... an Eruv is seen to enable the carrying of objects out of doors on the Jewish Sabbath that would otherwise be forbidden by Torah law (Halakha). Without an Eruv, Torah-observant Jews would be forbidden from carrying keys or tissues in their pockets or pushing baby carriages on the Jewish Sabbath, thus making it difficult for many to leave their homes.
Yes, leave the radio on in a private area on a low volume.
One is allowed to drive to a secure place and take along whatever is necessary, even money. Once one is out of harms way, he should stay put until after Shabbos. If a child or elderly person is present and staying in the car would be a danger, one can proceed to a shelter. One may also put gas in the car if needed to arrive at a safe place.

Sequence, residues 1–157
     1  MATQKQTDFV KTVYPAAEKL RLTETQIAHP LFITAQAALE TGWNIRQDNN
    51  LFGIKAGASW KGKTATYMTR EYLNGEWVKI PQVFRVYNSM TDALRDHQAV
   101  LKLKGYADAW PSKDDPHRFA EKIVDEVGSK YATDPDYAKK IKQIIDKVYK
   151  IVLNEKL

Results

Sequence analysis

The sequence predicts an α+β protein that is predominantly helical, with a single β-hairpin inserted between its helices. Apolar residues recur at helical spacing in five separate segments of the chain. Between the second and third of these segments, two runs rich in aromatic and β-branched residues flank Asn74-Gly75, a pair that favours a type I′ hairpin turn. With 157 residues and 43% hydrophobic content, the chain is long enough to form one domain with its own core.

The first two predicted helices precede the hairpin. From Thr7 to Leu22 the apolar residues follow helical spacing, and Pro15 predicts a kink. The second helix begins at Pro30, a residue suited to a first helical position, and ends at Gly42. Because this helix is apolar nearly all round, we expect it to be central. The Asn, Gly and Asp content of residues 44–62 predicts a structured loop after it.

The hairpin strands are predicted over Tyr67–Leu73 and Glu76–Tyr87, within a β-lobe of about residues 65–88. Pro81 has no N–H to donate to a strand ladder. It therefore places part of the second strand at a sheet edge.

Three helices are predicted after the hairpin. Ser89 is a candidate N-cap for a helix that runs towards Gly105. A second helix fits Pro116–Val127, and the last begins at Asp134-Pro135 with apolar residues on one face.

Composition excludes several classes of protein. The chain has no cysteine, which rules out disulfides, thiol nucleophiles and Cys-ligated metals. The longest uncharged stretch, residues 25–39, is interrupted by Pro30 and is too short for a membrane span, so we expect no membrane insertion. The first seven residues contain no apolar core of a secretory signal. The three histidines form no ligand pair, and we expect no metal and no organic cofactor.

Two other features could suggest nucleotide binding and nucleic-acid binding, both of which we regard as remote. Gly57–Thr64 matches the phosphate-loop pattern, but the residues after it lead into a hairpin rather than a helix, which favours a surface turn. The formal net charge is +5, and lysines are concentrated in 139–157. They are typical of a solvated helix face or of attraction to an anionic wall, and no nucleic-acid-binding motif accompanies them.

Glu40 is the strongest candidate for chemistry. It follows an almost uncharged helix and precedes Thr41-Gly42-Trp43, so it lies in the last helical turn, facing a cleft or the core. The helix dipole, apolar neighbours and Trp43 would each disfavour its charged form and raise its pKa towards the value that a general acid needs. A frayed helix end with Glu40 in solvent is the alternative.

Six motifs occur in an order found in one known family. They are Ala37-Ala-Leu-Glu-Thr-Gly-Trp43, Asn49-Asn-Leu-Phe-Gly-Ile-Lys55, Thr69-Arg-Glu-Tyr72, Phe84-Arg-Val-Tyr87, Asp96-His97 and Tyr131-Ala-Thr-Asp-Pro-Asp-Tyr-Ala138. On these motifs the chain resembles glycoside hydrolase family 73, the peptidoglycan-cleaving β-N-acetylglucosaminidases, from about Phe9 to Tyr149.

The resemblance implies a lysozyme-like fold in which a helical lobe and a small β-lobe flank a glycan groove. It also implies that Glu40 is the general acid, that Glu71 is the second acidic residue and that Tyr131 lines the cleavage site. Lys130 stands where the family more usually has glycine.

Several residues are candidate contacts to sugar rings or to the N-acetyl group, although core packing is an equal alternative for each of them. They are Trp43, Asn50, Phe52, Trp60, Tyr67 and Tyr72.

Panel shutters need to be installed with each use and may only be placed on the windows if the situation is one where life is in danger-not to protect property.
One is permitted to bring indoors whatever might pose a danger.
Unless the power line could cause a serious danger to the people in the home, one should wait until after Shabbos to report it.
Even a category one or two hurricane poses enough of a threat to certain areas to demand an evacuation. In such cases, all necessary precautions should be taken.
One is allowed to do what is necessary to protect one’s own life or the life of someone else in danger.
Once the winds reach the speed of 35 mph, one should assume the eruv is not kosher and should not carry outside.
If the food was fully cooked (or even 1/3 cooked) and is still hot, one may consume the food.
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